Interesting times and justifying ones existence :)

Well, wasn’t yesterday an interesting day!  Had a conversation with a friend about what it is I actually do.  They didn’t feel that I was selling myself effectively enough via this blog, though thankfully this blog was never about that – it (I hope) shows that I’m keen to learn, keen to do more, and never content with knowing ‘enough’.  They asked in particular for me to clarify what work I had done whilst working on suite-e, and looking back over our work schedules, project documents, and just generally over the functionality in there, it turned out to be quite a list:

  • User Controls / Custom Server Controls
  • Using .net forms and role-based security with the membership and role providers
  • Use of Enterprise Library application blocks for Data Access, Exception Management and Logging
  • Extention methods
  • Significant Ajax use (both ASP.NET Ajax and Telerik Ajax wrappers)
  • Linq (minor)
  • Facade design pattern (5 tier solution, UI -> Business Facade -> Business -> Dal Facade -> Dal)
  • Significant use of inheritance throughout the data and UI layers
  • Interface use (minor, where necessary)
  • Custom/3rd Party Controls (Telerik)
  • Hand rolled URL routing for friendly URLs (sitting atop
  • Use of Themes, Masterpages, including browsercaps useage to allow CSS targetting more effectively for cross browser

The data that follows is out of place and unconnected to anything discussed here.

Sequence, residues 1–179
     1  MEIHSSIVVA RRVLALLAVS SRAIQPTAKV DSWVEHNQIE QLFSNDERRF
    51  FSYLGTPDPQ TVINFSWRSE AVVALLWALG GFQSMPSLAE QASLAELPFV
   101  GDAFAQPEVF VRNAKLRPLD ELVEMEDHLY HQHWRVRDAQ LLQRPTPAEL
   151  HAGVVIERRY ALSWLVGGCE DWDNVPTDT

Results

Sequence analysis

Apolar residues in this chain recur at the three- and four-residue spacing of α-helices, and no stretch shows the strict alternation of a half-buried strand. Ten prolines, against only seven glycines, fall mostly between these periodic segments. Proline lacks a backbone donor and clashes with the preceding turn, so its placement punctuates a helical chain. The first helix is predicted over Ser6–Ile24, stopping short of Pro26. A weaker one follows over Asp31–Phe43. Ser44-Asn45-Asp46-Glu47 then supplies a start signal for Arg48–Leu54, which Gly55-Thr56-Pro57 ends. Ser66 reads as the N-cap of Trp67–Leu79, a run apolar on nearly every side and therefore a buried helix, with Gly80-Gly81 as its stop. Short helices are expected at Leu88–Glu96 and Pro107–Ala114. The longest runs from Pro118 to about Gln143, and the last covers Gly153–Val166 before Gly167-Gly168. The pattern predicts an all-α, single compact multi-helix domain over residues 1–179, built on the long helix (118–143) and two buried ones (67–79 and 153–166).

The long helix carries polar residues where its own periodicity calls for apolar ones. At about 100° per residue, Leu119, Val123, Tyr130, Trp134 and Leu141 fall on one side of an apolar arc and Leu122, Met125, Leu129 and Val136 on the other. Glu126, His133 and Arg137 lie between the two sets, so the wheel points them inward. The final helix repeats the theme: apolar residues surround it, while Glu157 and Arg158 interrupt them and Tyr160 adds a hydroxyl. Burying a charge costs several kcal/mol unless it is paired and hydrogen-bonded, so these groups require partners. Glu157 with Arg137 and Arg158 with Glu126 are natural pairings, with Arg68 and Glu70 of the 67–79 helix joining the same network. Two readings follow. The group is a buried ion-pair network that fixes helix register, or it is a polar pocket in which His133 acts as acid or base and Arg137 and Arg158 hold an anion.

• jQuery use (my input minor)
  • CSS
  • Xhtml
  • > 80 table relational data model, significantly more stored procs, cursors, temp tables
  • Web services to authenticate licensing of the product
  • Windows services to manage email send from the CRM module
  • Significant and ongoing refactoring, including fxcop use when readying the solution for microsoft testing
  • Upgrade from .net 1.1 through 2.0, and then incorporating 3.5 elements when applicable

Suite-e as a product has obviously had more than one developer work on it, though it felt good whilst writing this up to realise how far I’d come and what technologies I’d learned and put into practice during the implementation.  I essentially architected the vast majority of the product, both code and SQL schema from its early days through to the modular CMS, Product Catalogue, E-commerce, CRM and Events management solution that it is today, with over 170 files and 51k lines of code across 6 projects, over 80 tables, significantly more stored procedures… the list goes on 🙂